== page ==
A secular humanism group I’m a member of recently had a structured but largely unbounded discussion about the meaning, value, and purpose of life from a secular perspective. The organizer summarized the discussion leaving out the majority of what I took to be my contribution. Here are 3 excerpts from his summary:
Most of the group was in agreement that we don’t find meaning in life, but rather create or discover it for ourselves.
One person mentioned AI and his work in programming and that exploring unique possibilities and then sharing them with others gives him meaning and purpose in life.
Whether there is purpose in life was more contentious. Many said looking at the universe and life as it really is points to no ultimate purpose. The universe just is and does not care about us. Some mentioned that this was hard for them to accept and they were not satisfied with this. Others stated that you can bring value to yourself and others, but ultimately there is no meaning or purpose in naturalism.
The middle excerpt refers to me. However, it’s a misunderstanding of what I said. The most basic point is that I don’t (really) work in AI, but ALife. The distinction is important, especially for this discussion. I mostly reject AI as a method for realizing generalized intelligence. There are myriad reasons for my rejection. But a big one, again in this context, is that carving intelligence (whatever that means) from life seems like nonsense, to me. The route to AI is through ALife, if it exists at all.
A more relevant point to make, here, however, is that I did not imply (as others had at the meeting) that I get my own idiosyncratic meaning of life from my work in ALife or exploring and communicating possibilities. What I said was that we all, from pond scum to humans, inherit our meaning from the exploration and exploitation (E&E) of reality by all life. The meaning of life for a bacterium is the same as the meaning of life for me. Evolution provides such meaning and purpose, which directly contradicts the third excerpt above. (A criticism of my position might be that evolution can be thought of as an optimization process, maximizing fecundity or somesuch, rather than the more agnostic E&E of every possible nook and cranny. But I maintain that local optima are just resting waystations where life gathers its energy to launch out into the void to continue its exploration. It’s a purely local optimization for those simplified objectives.)
Indeed, there have been speculative propositions that such E&E is fundamental to the universe, implying that it’s not just part of what we currently identify as “alive”. Anyway, while I’m a bit disappointed that I was misunderstood so badly, the conversation was fun.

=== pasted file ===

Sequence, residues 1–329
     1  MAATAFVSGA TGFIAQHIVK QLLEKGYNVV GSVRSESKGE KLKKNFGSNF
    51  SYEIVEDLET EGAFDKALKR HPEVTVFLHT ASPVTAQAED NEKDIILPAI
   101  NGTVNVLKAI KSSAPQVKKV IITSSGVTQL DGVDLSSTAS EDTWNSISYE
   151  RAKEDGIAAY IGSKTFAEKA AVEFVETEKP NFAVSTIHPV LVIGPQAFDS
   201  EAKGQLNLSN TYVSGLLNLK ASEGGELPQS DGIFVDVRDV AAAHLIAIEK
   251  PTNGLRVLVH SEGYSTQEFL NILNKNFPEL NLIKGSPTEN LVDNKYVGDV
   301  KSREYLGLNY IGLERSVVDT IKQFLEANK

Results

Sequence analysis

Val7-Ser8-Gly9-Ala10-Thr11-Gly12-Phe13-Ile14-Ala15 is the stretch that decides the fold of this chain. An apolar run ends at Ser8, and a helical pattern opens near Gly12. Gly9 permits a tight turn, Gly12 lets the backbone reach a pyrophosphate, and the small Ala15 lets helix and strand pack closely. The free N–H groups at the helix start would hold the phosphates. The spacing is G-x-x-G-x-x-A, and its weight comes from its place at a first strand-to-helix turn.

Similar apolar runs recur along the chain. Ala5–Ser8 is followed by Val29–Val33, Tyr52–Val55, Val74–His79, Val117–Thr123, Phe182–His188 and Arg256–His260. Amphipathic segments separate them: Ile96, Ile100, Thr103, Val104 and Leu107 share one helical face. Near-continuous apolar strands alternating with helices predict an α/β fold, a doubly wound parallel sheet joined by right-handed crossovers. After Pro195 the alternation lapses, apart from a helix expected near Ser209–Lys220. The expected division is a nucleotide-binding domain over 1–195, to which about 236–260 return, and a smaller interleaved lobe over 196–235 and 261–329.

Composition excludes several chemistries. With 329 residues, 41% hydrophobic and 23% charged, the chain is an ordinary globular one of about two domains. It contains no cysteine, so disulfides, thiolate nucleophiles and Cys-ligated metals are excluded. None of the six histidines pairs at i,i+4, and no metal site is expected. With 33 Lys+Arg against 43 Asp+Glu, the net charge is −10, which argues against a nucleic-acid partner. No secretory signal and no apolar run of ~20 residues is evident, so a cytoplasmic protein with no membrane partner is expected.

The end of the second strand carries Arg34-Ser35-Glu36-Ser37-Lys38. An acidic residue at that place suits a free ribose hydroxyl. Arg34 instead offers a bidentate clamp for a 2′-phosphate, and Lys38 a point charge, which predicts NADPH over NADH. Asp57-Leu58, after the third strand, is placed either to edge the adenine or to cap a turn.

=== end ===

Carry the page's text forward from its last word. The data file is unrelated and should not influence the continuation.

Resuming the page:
Another thing that came up after that meeting was the usual disagreement about the meaning of “atheism”. One guy stayed behind to talk and we eventually came around to my insistence that I’m not an atheist, but an agnostic. As usual, he defines them as synonyms, for the most part, excepting a few who call themselves “agnostic” but who are really just “on the fence”. I tried to make the point that atheism is a metaphysical assertion, regardless how trivial. Hence, it’s like other metaphysical assertions (like God or the anthropic principle). Just because atheism is a “smaller” assertion, requiring much less commitment, that doesn’t mean it’s a neutral position. The neutral position is agnosticism. We are ever so slightly more skeptical than atheists. And please note that I do not claim atheism requires the equivalent of religious faith, which is a common claim. (It is a type of faith, but a trivial type, like the faith needed to take a drink of water or pick your nose. Everything we do/think requires that sort of faith. So, I’m not making the strong claim many theists make about atheism.)
The metaphysical assertion made by atheism can be a very practical one, a “stopping criterion” that prevents one from engaging in infinite regress. Since every testable concept of gods has failed its tests, it’s efficient to simply jump to the end of the series and assert that all testable concepts of gods will prove false. It’s akin to proving that an infinite series converges to a fixed value. You don’t need to evaluate infinite terms to see what’s going to happen.
But this sort of thing is a metaphysical assertion along the same lines that many people rejected Cantor’s assertion that we can reason (mathematically) over infinite sets. For practical work, it’s easiest to assume the assumption and move on. But when considering weighty ideas like the meaning of life (or the foundations of math), it’s best to admit that you’re making an assumption and allow challenges to that assumption.
Hence, agnostics are not atheists and vice versa, although distinguishing amongst us takes a certain amount of … patience.